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By Pam Burke 

Too real for action reels


Maybe I watch too many movies and I’ve become jaded, bored by the action movie formula, but thoughts of reality keep intruding on my action/adventure cinema experience.

In a scene where thieves break into a downtown office to steal solid gold bars to finance a major drug and firearms purchase from dastardly no-good-nicks, (this is what I see):

Two mastermind thieves enter the building through the roof (one of them gets stuck in the opening they made and, in the process of getting him free, the second guy missteps and falls through the ceiling panels. An astute guard immediately notices the ruckus and calls the cops and an ambulance. They arrive on scene, surrounding the getaway car and driver. All three would-be criminals are arrested for breaking and entering. No. Wait. That can’t be right. Where’s the action? Where’s the adventure?)

They successfully breech the building and the state-of-the-art safe and proceed to load two backpacks full of gold bars. (Score! But, hey, they can’t lift the bags because the standard gold bar weighs 400-troy-ounces, which is 438.9 ounces, also known as 27.43 pounds. Each. Hefty payoff of about $572,575.77 per bar at today’s prices not withstanding, the backpacks full of gold are too heavy for the men to carry. They have to settle for taking a few gold bars each. One of the backpacks rips as the men are climbing to safety. The gold bars hit the floor and cause the alarm to sound. See previous description for arrest details.)

The thieves, their backpacks heaped with gold bars, make their way out of the building by hooking their body harnesses to an elaborate, laser activated, rope-and-pulley system (which fails. Please see previous arrest details).

They reach the getaway car and fling their loot into the trunk (and drive straight to the nearest orthopedic surgeon to repair their bodies, damaged from their recent excess-weight bearing activities — those tendon tears will come back to haunt them in their middle years).

The driver roars away from the curb and tears down the street to avoid the local cops who are now in hot pursuit. (The driver hits a pothole, a tire blows because the car is not designed to carry two tons of gold in the trunk, the cops catch them. Thus ends of the world’s shortest movie. Jokes.)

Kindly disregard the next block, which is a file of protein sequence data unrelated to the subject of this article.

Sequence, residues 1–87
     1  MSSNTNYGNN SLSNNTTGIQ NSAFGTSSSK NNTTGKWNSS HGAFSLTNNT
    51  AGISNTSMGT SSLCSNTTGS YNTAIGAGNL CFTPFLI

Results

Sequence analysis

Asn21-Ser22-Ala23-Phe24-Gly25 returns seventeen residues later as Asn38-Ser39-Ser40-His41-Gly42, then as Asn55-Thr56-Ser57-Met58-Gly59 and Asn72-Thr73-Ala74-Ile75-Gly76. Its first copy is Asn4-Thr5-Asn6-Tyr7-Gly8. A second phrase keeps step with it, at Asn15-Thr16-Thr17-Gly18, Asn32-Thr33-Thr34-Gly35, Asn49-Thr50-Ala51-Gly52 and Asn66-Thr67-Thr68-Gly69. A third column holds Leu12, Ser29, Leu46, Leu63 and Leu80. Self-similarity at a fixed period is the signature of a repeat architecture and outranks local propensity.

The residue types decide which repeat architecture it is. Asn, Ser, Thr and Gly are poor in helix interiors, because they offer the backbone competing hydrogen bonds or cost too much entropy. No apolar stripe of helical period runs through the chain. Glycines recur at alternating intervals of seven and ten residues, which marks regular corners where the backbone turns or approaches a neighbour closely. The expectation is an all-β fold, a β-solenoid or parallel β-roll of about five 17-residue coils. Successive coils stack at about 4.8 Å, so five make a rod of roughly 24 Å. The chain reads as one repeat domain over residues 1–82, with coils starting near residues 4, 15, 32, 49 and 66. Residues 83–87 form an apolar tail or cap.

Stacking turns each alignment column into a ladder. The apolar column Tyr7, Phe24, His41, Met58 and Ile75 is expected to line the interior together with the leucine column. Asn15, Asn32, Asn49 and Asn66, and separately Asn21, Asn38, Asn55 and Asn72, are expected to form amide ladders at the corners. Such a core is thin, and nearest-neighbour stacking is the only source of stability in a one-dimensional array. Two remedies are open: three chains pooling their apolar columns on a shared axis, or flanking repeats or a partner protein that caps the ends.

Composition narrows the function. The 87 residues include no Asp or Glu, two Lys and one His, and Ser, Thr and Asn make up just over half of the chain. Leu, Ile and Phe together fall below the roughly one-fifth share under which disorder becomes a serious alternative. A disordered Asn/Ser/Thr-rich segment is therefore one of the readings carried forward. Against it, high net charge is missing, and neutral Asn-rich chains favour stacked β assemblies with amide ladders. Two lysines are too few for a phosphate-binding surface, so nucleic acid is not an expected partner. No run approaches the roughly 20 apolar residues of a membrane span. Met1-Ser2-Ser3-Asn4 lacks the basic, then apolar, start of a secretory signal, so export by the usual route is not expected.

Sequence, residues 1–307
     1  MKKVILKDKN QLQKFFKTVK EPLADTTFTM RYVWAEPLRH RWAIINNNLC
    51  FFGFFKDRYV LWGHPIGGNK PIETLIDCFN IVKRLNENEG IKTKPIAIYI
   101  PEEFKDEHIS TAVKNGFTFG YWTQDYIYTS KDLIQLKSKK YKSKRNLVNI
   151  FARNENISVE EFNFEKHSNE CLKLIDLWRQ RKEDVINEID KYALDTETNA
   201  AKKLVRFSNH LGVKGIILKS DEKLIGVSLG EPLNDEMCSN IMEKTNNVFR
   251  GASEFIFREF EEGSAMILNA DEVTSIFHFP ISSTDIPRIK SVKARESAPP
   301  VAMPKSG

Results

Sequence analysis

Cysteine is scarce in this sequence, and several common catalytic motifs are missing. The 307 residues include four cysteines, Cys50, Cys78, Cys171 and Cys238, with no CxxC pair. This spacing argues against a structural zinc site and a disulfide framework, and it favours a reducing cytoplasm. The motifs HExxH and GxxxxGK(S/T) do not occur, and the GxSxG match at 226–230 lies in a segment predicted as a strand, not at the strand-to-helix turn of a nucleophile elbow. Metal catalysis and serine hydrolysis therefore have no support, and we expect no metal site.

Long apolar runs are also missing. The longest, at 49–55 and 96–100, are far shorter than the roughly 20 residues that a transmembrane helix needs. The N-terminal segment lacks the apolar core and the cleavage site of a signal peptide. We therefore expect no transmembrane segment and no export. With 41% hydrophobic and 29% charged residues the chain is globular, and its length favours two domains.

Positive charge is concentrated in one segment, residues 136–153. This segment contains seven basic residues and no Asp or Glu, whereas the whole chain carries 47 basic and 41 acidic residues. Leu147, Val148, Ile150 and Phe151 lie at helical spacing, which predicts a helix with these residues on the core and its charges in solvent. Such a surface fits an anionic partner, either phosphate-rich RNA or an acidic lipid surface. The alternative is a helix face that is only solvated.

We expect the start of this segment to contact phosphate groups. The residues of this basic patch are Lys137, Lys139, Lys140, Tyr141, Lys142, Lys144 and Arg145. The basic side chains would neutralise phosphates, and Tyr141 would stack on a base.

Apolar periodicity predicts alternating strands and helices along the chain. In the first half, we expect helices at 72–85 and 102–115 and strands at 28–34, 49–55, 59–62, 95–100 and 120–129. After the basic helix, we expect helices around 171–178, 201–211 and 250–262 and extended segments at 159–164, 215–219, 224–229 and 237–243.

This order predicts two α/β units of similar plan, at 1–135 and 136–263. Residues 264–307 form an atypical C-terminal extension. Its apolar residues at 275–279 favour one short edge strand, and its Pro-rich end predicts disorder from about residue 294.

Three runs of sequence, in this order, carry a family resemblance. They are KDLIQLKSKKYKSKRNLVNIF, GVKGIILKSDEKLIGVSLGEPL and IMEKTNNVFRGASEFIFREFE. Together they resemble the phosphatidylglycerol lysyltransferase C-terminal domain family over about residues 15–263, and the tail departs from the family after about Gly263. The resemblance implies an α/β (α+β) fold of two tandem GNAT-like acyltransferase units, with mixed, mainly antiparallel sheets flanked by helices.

The two cars careen through the streets causing massive vehicle accidents and danger to people diving out of the way. Bullets fly. General mayhem ensues. (Speaking of suing: The department is sued for all damages, and the cops are fired. Just keepin’ it real.)

The cops put on more pressure in their car chase, and then a joint ATF and DEA task force commander radios them to demand the pair back down (by promising that a chunk of federal funding, assault gear for four cops and an armored Hummer go to the local police department. Awesome! Toys! The task force completes its secret investigation several months later, and convicts all three criminals, though two of them have a much reduced sentence for rolling over on the third who, unfortunately, had a cutthroat lawyer, so he does even less time. But reality is so boring.)

The two cops go rogue and at some point the vehicle chase becomes a foot chase across roof tops, the lead criminal jumps an open span between buildings, catching himself on the far ledge, 10-stories up, (but in reality that much gravitational force can’t be caught by the fingertips like that and he falls to his death. It's messy).

His two accomplices surrender at gun point. He scrambles up the side of the building and, while walking away with a smirk on his face, the cops shoot him. Dead. (Uh, no, excessive force. We have laws for everyone, y’know. The cops get the two in the hand to roll over on the one on the lamb. See conviction rates listed above. And all the lawyers are kept gainfully financed for many repeat offender years into the future.)

The end.

(I think in my version the lawyers lived happily ever after, or at least financially well-off ever after, but the cops slept better at pam@viewfromthenorth40.com.)


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